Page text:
updated 8/31/2005 9:06:53 AM ET 2005-08-31T13:06:53

U.S.-Chinese talks failed to settle a dispute Wednesday over American efforts to rein in Chinese textile imports, leaving little hope of a deal before President Hu Jintao visits Washington next week.

“It appears that it’s over this week, and no agreement has been reached,” said Auggie Tantillo, executive director of the American Manufacturing Trade Action Coalition, who was in Beijing.

The U.S. delegation was scheduled to leave Thursday, meaning “there’s a 99.9 percent chance there will be no more talks this week,” Tantillo said. The talks began Tuesday.

Chinese shipments of sweaters, pants and other low-cost clothing have soared since a worldwide quota system expired on Jan. 1. Washington has already imposed temporary quotas limiting growth in imports of some Chinese textiles to 7.5 percent a year, but U.S. clothing manufacturers want broader limits.

China’s government-run media lashed out Wednesday at U.S. efforts as negotiators from the two sides met to try to settle the dispute.

“Trade protectionism has incurred huge costs for Chinese textile producers,” the government’s China Daily newspaper said in its lead editorial. “Protectionism is a loss-loss deal for both sides in international trade while undermining the global effort to build a free and fair trade order.”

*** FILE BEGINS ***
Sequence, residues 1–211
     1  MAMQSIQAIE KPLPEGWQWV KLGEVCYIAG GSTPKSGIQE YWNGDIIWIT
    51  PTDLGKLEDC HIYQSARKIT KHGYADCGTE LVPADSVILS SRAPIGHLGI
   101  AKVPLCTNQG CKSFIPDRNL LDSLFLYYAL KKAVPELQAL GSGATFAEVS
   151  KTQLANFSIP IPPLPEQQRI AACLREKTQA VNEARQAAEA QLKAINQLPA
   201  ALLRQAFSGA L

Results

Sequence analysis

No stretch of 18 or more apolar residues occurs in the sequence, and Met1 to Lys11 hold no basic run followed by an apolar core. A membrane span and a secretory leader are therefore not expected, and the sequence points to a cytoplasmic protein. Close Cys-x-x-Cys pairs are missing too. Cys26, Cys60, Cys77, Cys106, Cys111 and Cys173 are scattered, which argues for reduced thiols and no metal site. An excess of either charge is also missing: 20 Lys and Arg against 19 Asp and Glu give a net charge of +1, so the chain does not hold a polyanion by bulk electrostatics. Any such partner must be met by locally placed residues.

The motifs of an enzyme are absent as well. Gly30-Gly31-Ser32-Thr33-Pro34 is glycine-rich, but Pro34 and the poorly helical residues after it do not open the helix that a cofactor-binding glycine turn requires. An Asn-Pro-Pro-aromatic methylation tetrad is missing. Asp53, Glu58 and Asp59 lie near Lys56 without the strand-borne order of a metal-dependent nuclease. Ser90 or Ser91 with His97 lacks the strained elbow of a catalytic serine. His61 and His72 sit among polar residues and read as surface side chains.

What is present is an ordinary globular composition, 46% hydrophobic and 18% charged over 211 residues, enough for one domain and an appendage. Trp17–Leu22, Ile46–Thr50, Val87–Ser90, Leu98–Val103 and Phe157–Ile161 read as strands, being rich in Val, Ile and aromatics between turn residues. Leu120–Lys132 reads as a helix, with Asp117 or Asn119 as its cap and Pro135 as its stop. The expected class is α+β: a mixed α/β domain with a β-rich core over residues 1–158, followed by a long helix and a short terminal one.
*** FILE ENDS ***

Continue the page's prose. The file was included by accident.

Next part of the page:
Beijing argues that developed countries like the United States should focus on high-tech, big-money goods like airplanes and not try to stymie Chinese production of low-cost items like socks and underwear.

It also says that limits on Chinese goods would force U.S. consumers to pay more for clothing.

U.S. clothing manufacturers say the flood of cheap Chinese goods since the beginning of this year have forced 19 U.S. plants to close and resulted in 26,000 lost jobs.

If no agreement is reached, U.S. manufacturers will continue to rely on the safeguard system which allows them to petition the U.S. government on a case-by-case basis for limits if imports are seen to be threatening American industry, Tantillo said.

The dispute is politically sensitive at a time of soaring U.S. trade deficits with China, which last year hit $162 billion — an all-time record high with any country.

Hu is to meet U.S. President George W. Bush on Sept. 7 in Washington.

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